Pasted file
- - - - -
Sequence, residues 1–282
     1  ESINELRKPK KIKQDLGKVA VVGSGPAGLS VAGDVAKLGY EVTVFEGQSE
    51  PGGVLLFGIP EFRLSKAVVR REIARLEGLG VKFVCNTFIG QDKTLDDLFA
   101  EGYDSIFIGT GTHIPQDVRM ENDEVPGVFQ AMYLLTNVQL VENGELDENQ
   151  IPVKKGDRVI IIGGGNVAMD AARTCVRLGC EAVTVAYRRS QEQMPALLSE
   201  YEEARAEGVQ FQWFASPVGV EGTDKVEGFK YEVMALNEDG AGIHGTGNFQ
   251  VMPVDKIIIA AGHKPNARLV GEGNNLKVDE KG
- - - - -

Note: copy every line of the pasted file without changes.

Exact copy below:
Sequence, residues 1–282
     1  ESINELRKPK KIKQDLGKVA VVGSGPAGLS VAGDVAKLGY EVTVFEGQSE
    51  PGGVLLFGIP EFRLSKAVVR REIARLEGLG VKFVCNTFIG QDKTLDDLFA
   101  EGYDSIFIGT GTHIPQDVRM ENDEVPGVFQ AMYLLTNVQL VENGELDENQ
   151  IPVKKGDRVI IIGGGNVAMD AARTCVRLGC EAVTVAYRRS QEQMPALLSE
   201  YEEARAEGVQ FQWFASPVGV EGTDKVEGFK YEVMALNEDG AGIHGTGNFQ
   251  VMPVDKIIIA AGHKPNARLV GEGNNLKVDE KG